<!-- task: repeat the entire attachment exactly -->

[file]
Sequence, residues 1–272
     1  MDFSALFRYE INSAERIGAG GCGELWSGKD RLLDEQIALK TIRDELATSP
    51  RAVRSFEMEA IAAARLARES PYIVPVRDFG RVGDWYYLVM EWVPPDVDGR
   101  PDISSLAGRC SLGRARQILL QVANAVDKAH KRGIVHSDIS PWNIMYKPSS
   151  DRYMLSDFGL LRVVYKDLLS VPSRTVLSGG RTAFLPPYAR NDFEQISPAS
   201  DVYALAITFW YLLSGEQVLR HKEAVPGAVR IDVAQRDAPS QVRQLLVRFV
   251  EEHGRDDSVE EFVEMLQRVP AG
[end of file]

Sequence, residues 1–272
     1  MDFSALFRYE INSAERIGAG GCGELWSGKD RLLDEQIALK TIRDELATSP
    51  RAVRSFEMEA IAAARLARES PYIVPVRDFG RVGDWYYLVM EWVPPDVDGR
   101  PDISSLAGRC SLGRARQILL QVANAVDKAH KRGIVHSDIS PWNIMYKPSS
   151  DRYMLSDFGL LRVVYKDLLS VPSRTVLSGG RTAFLPPYAR NDFEQISPAS
   201  DVYALAITFW YLLSGEQVLR HKEAVPGAVR IDVAQRDAPS QVRQLLVRFV
   251  EEHGRDDSVE EFVEMLQRVP AG